Companies in the United States reach Fortune 500 status after reaching the profit generation threshold, which changes annually. Companies must surpass a certain financial threshold for inclusion in the Fortune 500 listing; this listing bases exclusively on profits and revenue, but companies making the list, and especially repeat organizations, share several common traits, making them more successful than their peers. The 2013 threshold was slightly more than $4.8 billion, according to Fortune.
Fortune 500 companies include organizations from many industries. In recent history, Exxon Mobil, General Electric, Wal-Mart and Chevron take the lead as highest earners, representing the oil, electronics, consumer goods and automobile industries, respectively. Each year, Fortune magazine retrieves data concerning income of all American companies. This data includes financial statistics, in turn helping Fortune magazine identify top earners. The listing includes only large companies, and includes private and public entities. Ensuring transparency, Fortune magazine takes data from publicly available sources.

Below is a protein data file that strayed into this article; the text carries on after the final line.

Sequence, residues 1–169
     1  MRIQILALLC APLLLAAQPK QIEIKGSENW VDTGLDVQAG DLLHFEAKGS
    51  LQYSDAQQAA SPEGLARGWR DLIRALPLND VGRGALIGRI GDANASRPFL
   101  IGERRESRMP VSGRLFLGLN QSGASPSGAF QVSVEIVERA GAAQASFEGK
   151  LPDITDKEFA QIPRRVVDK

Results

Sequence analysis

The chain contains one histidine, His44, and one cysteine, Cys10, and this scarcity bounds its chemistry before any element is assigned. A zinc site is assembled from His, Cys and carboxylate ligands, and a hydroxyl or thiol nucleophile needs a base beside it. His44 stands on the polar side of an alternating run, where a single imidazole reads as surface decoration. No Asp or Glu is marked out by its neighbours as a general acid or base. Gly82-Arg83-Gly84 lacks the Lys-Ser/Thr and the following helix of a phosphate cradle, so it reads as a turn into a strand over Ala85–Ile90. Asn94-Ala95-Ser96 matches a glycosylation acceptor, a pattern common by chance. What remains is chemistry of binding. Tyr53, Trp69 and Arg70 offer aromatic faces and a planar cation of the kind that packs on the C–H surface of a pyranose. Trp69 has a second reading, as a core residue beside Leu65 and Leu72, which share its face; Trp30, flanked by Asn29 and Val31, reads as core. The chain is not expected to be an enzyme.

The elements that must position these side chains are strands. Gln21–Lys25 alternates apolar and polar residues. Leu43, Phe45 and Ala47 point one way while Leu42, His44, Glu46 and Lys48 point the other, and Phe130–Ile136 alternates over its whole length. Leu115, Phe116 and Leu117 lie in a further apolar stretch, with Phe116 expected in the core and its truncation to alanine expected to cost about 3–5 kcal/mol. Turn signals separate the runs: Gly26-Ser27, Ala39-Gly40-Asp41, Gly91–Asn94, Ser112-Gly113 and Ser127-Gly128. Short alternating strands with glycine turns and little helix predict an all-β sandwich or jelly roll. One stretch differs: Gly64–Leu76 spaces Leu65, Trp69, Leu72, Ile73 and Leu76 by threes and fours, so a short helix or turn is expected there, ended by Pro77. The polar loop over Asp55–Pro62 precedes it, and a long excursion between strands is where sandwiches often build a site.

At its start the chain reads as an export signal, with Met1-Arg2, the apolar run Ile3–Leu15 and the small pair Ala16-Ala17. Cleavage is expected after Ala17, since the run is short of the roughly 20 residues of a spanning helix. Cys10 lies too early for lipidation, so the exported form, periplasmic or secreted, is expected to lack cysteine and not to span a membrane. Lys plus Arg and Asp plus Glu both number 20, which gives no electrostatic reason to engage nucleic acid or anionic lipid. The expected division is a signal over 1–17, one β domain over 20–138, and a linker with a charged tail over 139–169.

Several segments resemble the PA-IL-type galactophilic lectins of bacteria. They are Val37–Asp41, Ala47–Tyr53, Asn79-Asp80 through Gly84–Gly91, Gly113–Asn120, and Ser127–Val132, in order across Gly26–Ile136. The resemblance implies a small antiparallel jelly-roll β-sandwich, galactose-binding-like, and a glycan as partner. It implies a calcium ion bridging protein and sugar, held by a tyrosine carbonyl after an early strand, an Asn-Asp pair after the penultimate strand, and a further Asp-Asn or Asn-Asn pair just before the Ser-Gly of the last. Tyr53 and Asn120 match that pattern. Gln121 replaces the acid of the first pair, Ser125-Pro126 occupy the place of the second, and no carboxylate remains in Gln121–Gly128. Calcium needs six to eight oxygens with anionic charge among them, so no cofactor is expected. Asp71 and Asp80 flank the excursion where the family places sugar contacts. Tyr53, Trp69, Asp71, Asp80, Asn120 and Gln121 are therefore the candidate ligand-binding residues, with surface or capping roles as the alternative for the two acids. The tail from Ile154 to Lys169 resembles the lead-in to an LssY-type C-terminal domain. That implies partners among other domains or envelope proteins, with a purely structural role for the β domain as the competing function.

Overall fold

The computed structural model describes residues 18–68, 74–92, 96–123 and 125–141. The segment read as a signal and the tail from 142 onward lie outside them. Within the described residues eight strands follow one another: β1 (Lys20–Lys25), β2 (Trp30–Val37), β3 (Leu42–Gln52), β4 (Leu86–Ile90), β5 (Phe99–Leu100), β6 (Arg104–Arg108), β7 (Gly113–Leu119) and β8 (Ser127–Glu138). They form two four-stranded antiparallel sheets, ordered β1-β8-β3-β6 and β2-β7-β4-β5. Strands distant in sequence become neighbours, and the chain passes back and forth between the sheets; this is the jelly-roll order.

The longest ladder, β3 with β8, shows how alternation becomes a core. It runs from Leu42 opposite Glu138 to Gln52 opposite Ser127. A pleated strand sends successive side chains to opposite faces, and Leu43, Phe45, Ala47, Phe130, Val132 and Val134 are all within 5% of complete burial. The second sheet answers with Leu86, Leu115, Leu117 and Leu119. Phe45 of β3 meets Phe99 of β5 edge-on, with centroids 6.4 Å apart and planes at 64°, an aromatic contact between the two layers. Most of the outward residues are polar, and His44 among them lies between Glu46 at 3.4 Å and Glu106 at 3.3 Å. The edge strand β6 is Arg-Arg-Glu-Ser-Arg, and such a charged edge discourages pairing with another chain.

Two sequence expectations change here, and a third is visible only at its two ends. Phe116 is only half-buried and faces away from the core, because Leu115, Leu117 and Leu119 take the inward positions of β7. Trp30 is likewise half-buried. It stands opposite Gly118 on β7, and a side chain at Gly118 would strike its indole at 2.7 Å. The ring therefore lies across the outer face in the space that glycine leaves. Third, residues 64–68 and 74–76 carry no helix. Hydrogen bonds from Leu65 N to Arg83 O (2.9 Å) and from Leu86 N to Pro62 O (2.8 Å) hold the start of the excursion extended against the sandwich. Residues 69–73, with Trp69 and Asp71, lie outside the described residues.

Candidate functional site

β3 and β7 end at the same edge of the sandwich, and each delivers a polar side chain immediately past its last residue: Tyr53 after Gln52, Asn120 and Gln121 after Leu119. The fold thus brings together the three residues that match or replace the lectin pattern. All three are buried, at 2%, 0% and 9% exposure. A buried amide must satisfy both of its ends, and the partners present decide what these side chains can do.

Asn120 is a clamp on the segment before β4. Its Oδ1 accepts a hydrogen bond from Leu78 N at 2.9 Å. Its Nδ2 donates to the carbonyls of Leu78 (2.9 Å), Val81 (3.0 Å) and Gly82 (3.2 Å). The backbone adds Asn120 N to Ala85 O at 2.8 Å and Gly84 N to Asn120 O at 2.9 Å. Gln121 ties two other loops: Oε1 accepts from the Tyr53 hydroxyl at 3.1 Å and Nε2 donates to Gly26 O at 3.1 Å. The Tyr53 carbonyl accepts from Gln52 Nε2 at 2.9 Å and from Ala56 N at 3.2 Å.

The most successful Fortune 500 companies also show adaptability by responding to consumer demands, emphasize good customer service, have sound long-term goals, enjoy exponential growth and make wise choices with financial capital. In addition to letting the public see the highest-earning organizations, the Fortune 500 listing indicates the health of America's economy, identifying areas of growth and decline.